Work on the 'The Holy Bible in Modern English' began in 1853 by a London businessman named Ferrar Fenton (1832–1920). The complete Bible was first published in 1903, though some individual bible 'books' were published as separate volumes during the preceding 11 years.
Fenton is well known for a rearranging of the books of the Bible into what the author believed was the correct chronological order. In the Old Testament, this order follows that of the Hebrew Bible. The name of God was translated throughout the Old Testament as "The Ever-Living".
Fenton is an exciting translation that shows respect and gives clarity in many areas where other translations fall short. This Bible is described as being "translated into English direct from the original Hebrew, Chaldee, and Greek languages."
Henrik Borgström assisted Fenton with his translation of the Book of Job, which first appeared in 1898. The book of Job was "rendered into the same metre as the original Hebrew, word by word and line by line". His translation of the New Testament is based on the Greek text of Westcott and Hort. The ordering novelty in the New Testament is that it places the Gospel of John and the First Epistle of John at the beginning before the Gospel of Matthew, thus placing the Acts of the Apostles immediately after the Gospel of Luke.
Notable as well, is Ferrar Fenton's restoration of the Psalms into the musical verse form as close to the original as he could get. The Psalms were, quite literally, songs, complete with instructions for the "choirmaster" as well as descriptions of the proper musical instruments to be used. Today Psalm 48, Psalm 137, and Psalm 23 are still sung in churches, albeit to tunes not the original.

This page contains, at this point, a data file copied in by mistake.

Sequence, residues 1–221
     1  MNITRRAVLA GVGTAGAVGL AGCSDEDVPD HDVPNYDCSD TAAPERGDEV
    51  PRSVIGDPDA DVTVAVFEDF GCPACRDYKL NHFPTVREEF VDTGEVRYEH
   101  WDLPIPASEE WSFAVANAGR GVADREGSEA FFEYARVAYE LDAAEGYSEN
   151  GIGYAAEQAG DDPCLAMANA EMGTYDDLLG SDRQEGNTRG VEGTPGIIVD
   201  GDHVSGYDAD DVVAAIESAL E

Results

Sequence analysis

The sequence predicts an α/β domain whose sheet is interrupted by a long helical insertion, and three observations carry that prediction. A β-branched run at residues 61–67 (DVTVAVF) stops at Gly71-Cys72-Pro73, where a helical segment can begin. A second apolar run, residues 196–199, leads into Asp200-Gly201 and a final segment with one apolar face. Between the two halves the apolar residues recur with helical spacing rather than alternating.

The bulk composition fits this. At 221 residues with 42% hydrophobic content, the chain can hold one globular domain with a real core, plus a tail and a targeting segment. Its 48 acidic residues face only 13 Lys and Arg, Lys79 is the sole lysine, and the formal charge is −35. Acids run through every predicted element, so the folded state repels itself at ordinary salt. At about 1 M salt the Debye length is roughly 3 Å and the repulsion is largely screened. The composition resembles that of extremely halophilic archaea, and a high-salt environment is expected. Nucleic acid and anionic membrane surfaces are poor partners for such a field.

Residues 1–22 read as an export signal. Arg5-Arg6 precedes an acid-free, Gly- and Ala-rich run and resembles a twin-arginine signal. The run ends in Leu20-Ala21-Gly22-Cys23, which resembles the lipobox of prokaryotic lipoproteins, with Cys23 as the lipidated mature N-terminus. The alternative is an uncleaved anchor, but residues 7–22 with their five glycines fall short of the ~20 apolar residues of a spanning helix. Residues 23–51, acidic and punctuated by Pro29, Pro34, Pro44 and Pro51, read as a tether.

This bible is named the "Revised Fenton" because it puts things back into chronological order. In many cases, whether in error or not, Ferrar moved some parts of the scriptures down to the footnote section. These re-ordered verses have been returned to their chronological order as they are currently found in the King James Version. There was no alteration of the wording or intended meaning of what was originally intended by Mr. Fenton."
Welcome to the new blog section. Join us in this exciting effort to display the works of Ferrar Fenton! The Holy Bible in Modern English is now fully digitized and can be seen for it's creative and artistic beauty as well as for the spiritual edification that we all need through the daily study of the scriptures.
This project actually began in 2012 when the conversion of scanned images, using OCR software, revived a very beautiful but tangled digital version of Ferrar Fenton's work. The major part of the editing, including verse alignment, OCR errors and chapter breaks took over one year. Still, as we go there are minor fixes to punctuation and a few odd necessary edits.
In its very raw form, 'The Holy Bible in Modern English' went online with a free but very undependable web hosting service in 2014, where it has been ever since.
With thanks to the generosity of others, just recently, the site has been moved to its current home. This hosting service is by far superior to the previous but costs are high so we are maintaining an ad service to help offset the costs.
|RF SA2 10:1|| (B.C. 1037.) David Sends and Embassy to the Beni-Amon.
It was after these events that the king of the Beni-Amon died, and Khanon his son reigned in his stead.